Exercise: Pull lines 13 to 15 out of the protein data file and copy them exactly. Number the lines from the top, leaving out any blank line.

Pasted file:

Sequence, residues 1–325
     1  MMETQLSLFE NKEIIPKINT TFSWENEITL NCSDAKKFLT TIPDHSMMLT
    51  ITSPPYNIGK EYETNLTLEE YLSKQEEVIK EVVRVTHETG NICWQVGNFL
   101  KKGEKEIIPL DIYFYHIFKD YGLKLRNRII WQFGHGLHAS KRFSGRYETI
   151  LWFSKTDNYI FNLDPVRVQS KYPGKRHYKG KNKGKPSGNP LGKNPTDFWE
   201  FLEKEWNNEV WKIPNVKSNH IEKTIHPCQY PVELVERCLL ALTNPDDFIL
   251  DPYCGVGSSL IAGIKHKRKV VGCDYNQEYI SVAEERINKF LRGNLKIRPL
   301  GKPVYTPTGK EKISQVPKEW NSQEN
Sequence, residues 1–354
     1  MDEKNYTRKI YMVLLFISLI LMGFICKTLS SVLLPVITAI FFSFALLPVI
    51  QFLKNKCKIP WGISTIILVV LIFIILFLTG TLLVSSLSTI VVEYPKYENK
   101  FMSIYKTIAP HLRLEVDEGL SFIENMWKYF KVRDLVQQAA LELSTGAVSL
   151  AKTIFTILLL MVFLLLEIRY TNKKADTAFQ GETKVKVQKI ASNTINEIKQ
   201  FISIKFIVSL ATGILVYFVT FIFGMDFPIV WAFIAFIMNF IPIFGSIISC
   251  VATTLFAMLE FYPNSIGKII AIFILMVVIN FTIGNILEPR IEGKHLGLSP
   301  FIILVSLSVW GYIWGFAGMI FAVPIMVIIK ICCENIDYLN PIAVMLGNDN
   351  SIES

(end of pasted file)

   151  AKTIFTILLL MVFLLLEIRY TNKKADTAFQ GETKVKVQKI ASNTINEIKQ
   201  FISIKFIVSL ATGILVYFVT FIFGMDFPIV WAFIAFIMNF IPIFGSIISC
   251  VATTLFAMLE FYPNSIGKII AIFILMVVIN FTIGNILEPR IEGKHLGLSP